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Molecular psychiatry

Neuregulin 1 (8p12) and childhood-onset schizophrenia: susceptibility haplotypes for diagnosis and brain developmental trajectories.


PMID 17033632

Abstract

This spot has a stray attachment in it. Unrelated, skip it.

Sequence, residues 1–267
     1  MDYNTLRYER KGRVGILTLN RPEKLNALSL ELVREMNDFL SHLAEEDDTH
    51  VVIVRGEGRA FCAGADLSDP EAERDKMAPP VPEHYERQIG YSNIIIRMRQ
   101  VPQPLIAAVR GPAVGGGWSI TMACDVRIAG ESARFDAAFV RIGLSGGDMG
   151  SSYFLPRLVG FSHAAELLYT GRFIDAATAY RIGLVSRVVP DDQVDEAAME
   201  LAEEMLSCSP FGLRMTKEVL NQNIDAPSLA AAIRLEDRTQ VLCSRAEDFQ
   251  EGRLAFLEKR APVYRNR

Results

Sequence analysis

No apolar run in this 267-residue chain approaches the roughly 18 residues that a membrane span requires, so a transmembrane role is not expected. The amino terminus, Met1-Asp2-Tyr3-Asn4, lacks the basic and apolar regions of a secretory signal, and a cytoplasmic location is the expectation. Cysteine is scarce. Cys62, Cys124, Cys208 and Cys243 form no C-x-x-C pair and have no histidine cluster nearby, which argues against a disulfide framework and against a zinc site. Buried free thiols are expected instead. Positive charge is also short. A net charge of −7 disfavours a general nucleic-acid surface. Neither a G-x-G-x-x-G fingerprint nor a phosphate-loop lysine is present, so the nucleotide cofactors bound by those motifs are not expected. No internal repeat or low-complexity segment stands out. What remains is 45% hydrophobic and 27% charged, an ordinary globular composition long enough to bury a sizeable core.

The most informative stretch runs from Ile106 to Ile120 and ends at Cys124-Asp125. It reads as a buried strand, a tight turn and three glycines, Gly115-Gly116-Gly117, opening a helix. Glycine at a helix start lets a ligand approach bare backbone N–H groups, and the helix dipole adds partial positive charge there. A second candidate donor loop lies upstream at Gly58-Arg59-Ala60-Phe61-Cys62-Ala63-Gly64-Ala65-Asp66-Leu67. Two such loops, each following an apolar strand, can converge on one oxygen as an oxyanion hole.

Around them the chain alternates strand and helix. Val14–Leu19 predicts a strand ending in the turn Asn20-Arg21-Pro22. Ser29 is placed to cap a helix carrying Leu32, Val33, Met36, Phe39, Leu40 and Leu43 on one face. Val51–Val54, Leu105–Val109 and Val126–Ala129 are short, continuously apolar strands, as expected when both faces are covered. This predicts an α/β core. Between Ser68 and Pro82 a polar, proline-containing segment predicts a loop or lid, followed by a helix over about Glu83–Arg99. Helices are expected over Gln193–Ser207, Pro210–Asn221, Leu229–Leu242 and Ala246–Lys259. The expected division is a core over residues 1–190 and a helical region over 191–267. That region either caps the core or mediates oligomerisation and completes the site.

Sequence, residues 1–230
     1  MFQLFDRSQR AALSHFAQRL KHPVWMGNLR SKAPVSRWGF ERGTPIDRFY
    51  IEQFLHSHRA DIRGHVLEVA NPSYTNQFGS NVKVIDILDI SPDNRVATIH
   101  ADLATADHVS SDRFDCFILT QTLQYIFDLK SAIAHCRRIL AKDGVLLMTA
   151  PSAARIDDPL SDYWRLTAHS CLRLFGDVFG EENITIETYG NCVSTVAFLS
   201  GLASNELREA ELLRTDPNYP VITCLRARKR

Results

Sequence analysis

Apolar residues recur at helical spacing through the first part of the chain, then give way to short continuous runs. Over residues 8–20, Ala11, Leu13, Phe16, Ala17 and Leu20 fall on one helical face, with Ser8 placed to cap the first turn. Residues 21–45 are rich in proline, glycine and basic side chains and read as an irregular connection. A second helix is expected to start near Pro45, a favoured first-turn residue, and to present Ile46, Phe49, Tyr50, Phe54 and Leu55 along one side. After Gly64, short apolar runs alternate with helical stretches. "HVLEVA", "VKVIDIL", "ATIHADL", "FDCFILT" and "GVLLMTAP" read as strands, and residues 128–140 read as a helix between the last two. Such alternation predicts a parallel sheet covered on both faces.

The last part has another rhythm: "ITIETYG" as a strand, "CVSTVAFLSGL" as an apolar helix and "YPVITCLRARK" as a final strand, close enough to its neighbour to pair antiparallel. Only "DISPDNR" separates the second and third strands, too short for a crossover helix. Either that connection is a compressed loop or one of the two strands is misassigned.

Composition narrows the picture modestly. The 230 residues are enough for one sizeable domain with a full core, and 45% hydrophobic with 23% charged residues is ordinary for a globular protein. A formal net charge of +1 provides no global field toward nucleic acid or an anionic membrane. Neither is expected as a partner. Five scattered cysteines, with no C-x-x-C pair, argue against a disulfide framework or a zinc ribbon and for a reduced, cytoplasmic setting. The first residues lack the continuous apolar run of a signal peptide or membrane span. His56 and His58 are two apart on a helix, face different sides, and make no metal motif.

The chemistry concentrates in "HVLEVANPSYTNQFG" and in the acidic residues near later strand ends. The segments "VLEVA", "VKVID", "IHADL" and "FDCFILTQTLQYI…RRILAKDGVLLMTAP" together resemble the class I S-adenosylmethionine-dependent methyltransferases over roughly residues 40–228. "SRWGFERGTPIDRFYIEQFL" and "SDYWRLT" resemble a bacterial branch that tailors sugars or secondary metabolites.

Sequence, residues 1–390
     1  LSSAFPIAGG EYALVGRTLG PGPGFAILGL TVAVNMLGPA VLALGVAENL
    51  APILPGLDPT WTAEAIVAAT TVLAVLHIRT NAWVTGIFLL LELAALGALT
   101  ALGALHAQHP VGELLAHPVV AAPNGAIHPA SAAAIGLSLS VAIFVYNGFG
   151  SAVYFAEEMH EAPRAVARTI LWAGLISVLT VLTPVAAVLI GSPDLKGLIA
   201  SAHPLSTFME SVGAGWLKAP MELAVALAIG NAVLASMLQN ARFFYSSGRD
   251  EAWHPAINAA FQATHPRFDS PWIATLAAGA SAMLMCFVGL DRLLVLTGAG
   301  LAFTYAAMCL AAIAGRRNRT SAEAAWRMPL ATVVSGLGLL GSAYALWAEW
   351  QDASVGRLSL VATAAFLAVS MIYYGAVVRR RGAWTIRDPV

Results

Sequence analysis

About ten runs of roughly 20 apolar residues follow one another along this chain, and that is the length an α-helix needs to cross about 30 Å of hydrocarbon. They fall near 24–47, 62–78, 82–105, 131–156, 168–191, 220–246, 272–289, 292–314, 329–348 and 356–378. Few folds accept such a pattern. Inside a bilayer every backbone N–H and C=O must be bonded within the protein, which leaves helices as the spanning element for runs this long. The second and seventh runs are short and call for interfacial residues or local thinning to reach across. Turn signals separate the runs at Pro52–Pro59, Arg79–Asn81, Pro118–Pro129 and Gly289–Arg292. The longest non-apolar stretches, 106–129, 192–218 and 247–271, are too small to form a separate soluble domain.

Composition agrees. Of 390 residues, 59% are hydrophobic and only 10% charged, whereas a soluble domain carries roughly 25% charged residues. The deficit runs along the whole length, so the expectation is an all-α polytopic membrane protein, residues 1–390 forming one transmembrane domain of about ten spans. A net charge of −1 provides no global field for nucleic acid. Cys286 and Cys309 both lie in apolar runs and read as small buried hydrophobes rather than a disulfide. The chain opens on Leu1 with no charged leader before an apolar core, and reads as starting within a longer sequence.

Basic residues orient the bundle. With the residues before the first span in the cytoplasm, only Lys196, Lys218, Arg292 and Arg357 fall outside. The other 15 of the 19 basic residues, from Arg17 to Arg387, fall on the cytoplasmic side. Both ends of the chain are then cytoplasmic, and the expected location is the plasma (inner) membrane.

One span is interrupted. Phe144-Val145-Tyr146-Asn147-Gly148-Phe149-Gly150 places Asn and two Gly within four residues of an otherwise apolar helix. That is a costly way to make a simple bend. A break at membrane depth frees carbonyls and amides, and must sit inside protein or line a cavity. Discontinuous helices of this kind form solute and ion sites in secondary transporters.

Childhood-onset schizophrenia (COS), defined as onset of psychosis by the age of 12, is a rare and malignant form of the illness, which may have more salient genetic influence. Since the initial report of association between neuregulin 1 (NRG1) and schizophrenia in 2002, numerous independent replications have been reported. In the current study, we genotyped 56 markers (54 single-nucleotide polymorphisms (SNPs) and two microsatellites) spanning the NRG1 locus on 78 COS patients and their parents. We used family-based association analysis for both diagnostic (extended transmission disequilibrium test) and quantitative phenotypes (quantitative transmission disequilibrium test) and mixed-model regression. Most subjects had prospective anatomic brain magnetic resonance imaging (MRI) scans at 2-year intervals. Further, we genotyped a sample of 165 healthy controls in the MRI study to examine genetic risk effects on normal brain development. Individual markers showed overtransmission of alleles to affecteds (P=0.009-0.05). Further, several novel four-marker haplotypes demonstrated significant transmission distortion. There was no evidence of epistasis with SNPs in erbB4. The risk allele (0) at 420M9-1395 was associated with poorer premorbid social functioning. Further, possession of the risk allele was associated with different trajectories of change in lobar volumes. In the COS group, risk allele carriers had greater total gray and white matter volume in childhood and a steeper rate of subsequent decline in volume into adolescence. By contrast, in healthy children, possession of the risk allele was associated with different trajectories in gray matter only and was confined to frontotemporal regions, reflecting epistatic or other illness-specific effects mediating NRG1 influence on brain development in COS. This replication further documents the role of NRG1 in the abnormal brain development in schizophrenia. This is the first demonstration of a disease-specific pattern of gene action in schizophrenia.